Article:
A PENSIONER who visited her teenage daughter's grave in Ilkley cemetery was horrified to find yellow sand dumped all over it and the bulbs she had planted missing.

Jean Smith, 78, said: "It really upset me and I could have burst into tears - It looked a real eyesore and had tractor tyre marks running through it."

Mrs Smith has hit out at maintenance staff whom she accused of letting the cemetery deteriorate into a mess.

"It used to be a tidy cemetery but they let it go. It is a blooming mess and I don't think there is any need for it to be so untidy. They don't seem to care," said Mrs Smith, of Wyvil Road, Ilkley.

A spokesman for the cemetery service said that the problem had been caused by the lack of topsoil when contractors were instructed to top up those graves which had sunk a few inches.

At the time it was very wet, turning soil into mud. The contractors used seeded sand hoping that the grass would grow through it quickly.

But when Mrs Smith returned to the cemetery last week she said that the sand was still there and the grave still looked untidy.

The grave contains Mrs Smith's late husband, Joseph, who died in 1992, and her daughter Josephine who died tragically on her birthday in 1978.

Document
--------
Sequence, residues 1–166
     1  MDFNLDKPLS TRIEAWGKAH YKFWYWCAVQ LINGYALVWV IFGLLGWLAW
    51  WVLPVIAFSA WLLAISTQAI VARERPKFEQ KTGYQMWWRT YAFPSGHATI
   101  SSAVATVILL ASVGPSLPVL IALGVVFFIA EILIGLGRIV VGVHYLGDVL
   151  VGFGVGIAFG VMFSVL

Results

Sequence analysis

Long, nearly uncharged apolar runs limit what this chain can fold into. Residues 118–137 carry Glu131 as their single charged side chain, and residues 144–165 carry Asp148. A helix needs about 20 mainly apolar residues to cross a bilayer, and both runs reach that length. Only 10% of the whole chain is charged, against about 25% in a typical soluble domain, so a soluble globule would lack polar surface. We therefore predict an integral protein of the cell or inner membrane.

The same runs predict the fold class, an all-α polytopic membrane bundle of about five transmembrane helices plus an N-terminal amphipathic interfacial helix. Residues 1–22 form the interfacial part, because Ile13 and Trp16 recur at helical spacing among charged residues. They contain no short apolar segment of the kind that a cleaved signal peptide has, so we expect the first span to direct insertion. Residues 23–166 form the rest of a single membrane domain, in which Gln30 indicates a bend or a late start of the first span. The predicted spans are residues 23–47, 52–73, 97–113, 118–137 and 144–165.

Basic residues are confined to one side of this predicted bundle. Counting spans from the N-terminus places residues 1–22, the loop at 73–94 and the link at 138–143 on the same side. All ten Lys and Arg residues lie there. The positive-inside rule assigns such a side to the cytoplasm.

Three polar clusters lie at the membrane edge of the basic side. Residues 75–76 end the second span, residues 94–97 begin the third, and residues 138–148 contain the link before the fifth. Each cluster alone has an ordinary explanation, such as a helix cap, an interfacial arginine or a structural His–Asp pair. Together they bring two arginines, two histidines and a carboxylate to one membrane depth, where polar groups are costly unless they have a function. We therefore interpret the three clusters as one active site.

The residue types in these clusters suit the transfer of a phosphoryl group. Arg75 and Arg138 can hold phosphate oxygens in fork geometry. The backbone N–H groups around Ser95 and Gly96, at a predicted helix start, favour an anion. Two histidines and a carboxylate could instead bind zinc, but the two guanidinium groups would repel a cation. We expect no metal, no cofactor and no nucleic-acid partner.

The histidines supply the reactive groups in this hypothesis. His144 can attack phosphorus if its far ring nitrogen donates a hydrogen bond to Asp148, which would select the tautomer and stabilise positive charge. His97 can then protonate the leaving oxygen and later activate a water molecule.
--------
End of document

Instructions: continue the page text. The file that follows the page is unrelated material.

The 19-year-old was killed in a road accident at the junction of Wheatley Lane and Leeds Road, Ben Rhydding, when a car driven by her boy friend, who was also killed in the crash, collided with a bus.

"She was a lovely girl and a very, very much loved daughter," said Mrs Smith.

Mrs Smith said that her other daughter rang the cemetery service to complain about the grave and was told it would be sorted out.

The cemetery spokesman told the Gazette that if Mrs Smith could contact them again with the exact location of the grave, they would clean it up.

But Mrs Smith said that the problem had been caused by the digging of a grave next to her daughter's, causing it to sink.

"It sank when they dug the grave out next to it and took too much out of the sides. My husband has been buried there for eight years so it would not have sunk naturally," said Mrs Smith.

She added: "It is very distressing when you see it like that. I had a lot of bulbs in and they have disappeared as well.

"My husband was a gardener. If there is such a thing as heaven, he will be looking down from there and getting very angry about it."

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